Penn Carey Law has a long history of teaching students how to incorporate service into legal work.
The University of Pennsylvania Carey Law School cultivates an ethos of service that extends outside our walls via student and alumni impact around the world.
Our graduates demonstrate an unwavering commitment to service through pro bono work, impact litigation, and policy advocacy on today’s most urgent legal issues, from advancing economic justice and combatting wage theft to fighting for families and protecting reproductive rights.
Theodore Ruger, Dean and Bernard G. Segal Professor of Law: “We’ve been aware at Penn Carey Law for hundreds of years that law is deeply connected with the public interest.”
Louis S. Rulli, Director of Civil Practice Clinic & Legislative Clinic and Practice Professor of Law: “We were the first national law school in the country to mandate a pro bono requirement — to integrate public service into what lawyers do every day.”
Emily R. Sutcliffe, Executive Director of the Toll Public Interest Center: “The Toll Public Interest Center, which we all call affectionately TPIC, is really the Law School’s hub of public interest and pro bono. We’re home to the Law School’s pro bono requirement, and also we are home to all of the Tolls’ public interest programs.”
Karen M. Tani L’07, PhD’11, Seaman Family University Professor: “I think that all of our students — even if they’re headed towards corporate law and they’ve always known that — I think they understand the importance of giving back something to the community. So I really think it’s kind of been part of the fabric of the place.”
Devontae Torriente L’24: “I think Penn Carey Law is setting us up really well to practice, given its focus on pro bono opportunities, the clinical offerings, and being involved in the legal community outside of the classroom and outside of just being a student who’s learning the academic and doctrinal concepts.”
Lydia Anglin L’23, WG’23: “Pro bono is encouraged regardless of what track you’re taking. I’m very, very passionate at doing things impact the local Philadelphia community, and so it’s really important for me to help those who look like me and who are from the city.”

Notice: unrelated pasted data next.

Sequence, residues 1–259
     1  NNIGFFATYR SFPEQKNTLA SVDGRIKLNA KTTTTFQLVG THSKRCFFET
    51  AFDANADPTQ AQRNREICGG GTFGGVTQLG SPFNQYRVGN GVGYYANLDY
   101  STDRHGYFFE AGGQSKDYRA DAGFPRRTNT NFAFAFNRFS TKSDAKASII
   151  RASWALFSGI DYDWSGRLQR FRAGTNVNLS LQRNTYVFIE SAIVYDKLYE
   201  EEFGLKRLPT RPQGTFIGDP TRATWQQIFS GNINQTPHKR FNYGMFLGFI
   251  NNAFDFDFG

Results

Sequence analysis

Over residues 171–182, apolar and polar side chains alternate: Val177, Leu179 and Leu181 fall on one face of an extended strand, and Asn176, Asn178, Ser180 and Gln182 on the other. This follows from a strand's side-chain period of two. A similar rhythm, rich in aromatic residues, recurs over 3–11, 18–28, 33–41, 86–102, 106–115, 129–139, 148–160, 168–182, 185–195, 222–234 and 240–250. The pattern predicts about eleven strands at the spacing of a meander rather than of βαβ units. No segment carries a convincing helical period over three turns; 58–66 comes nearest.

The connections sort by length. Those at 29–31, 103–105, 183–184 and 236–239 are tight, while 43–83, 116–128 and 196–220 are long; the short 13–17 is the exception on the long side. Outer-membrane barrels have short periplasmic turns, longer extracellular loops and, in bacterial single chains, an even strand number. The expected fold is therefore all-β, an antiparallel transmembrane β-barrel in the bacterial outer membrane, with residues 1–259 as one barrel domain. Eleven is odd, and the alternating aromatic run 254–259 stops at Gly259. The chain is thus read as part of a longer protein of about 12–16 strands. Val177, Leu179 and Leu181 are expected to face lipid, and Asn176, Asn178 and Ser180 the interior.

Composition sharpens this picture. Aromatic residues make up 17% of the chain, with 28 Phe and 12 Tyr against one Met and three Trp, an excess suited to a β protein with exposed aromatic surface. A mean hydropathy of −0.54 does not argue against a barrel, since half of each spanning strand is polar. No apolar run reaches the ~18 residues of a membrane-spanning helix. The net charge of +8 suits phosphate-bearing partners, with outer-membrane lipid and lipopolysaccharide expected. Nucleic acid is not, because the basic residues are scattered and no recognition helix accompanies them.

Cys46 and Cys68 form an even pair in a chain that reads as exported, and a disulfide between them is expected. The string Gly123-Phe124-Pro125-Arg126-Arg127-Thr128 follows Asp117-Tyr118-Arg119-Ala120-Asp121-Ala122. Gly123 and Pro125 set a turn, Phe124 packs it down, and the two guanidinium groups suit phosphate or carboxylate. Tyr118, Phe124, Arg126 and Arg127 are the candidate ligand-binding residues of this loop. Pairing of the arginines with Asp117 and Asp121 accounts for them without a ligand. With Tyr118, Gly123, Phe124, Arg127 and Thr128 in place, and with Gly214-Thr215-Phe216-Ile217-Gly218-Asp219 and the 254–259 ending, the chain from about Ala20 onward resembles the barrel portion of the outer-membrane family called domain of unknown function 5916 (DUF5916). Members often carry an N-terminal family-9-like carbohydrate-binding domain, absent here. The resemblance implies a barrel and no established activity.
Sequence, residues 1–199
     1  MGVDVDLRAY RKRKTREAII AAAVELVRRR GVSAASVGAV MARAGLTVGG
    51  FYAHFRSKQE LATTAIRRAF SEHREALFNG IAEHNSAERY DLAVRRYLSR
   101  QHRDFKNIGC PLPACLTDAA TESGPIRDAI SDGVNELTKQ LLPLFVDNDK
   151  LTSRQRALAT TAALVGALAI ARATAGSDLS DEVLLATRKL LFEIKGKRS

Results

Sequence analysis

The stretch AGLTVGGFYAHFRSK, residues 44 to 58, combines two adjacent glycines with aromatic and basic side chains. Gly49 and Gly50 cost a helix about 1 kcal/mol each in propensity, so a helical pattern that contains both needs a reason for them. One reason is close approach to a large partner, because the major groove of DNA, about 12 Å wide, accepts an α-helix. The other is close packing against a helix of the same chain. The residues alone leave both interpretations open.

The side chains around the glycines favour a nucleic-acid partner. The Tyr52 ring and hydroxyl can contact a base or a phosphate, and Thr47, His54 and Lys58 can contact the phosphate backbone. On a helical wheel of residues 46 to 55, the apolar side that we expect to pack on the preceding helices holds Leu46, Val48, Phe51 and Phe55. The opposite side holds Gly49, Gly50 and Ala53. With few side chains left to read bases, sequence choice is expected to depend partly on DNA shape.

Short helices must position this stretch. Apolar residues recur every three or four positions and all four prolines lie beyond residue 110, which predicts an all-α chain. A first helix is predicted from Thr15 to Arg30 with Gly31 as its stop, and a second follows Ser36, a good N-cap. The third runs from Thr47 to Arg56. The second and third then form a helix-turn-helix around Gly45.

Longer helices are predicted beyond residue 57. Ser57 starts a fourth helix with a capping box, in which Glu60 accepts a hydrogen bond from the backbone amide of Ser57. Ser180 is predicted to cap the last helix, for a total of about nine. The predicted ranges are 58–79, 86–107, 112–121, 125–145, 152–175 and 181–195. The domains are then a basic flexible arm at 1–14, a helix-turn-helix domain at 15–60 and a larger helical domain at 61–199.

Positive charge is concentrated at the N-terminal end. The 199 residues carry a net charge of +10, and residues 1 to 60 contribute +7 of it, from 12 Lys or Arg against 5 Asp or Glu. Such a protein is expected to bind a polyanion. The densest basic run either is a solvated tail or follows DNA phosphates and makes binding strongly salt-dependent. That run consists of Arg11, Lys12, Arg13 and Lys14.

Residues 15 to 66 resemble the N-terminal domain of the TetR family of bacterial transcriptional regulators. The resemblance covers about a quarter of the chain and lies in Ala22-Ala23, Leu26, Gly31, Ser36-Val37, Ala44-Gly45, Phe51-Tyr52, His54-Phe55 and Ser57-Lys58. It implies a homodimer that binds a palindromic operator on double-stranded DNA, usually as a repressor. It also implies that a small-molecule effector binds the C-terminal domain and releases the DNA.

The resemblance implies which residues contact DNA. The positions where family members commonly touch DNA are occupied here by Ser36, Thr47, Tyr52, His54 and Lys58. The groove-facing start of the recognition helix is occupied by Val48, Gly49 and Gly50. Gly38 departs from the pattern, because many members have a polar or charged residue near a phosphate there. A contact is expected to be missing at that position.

Sara Lynch L’18: “Most of the pro bono projects I was involved in were right here in Philadelphia, and we would work within the Law School. But I’ve also gone with a pro bono project to India, and we worked with human rights advocates and lawyers in India.”
Nathan Felton L’22: “I did almost all 70 hours preparing clemency applications for people here in the Commonwealth of Pennsylvania. It was one of the most important parts of my law school experience, and I think most people feel that way about their pro bono hours.”
Kara R. Finck: Director of Interdisciplinary Child Advocacy Clinic and Practice Professor of Law: “So one of the ways that students are able to learn here at the Law School is through the clinical programs, and the clinics really allow students to take all of the theory that they’ve learned in their first-year law classes and apply it in practice. And so they’re the frontline attorneys for clients.”
Asal Yunusov L’21: “Going into the clinic, I had absolutely no idea what to expect, but I’m not exaggerating when I say that this was the most fulfilling experience that I’ve had in the Law School.”
Finck: “What students understand at the end of those experiences is not only how transformational the role of the lawyer can be in these particular clients’ lives, but how to really partner with their clients and the community and other organizations as well to really enhance services for the community at large.”
Ruger: “The students’ interests when they come in there are more than ever motivated to effectuate change both during and after law school. And for a lot of them, that means going right into government and public service work. They’re serving clients, they’re training other lawyers, and it’s really exciting to look to the future.”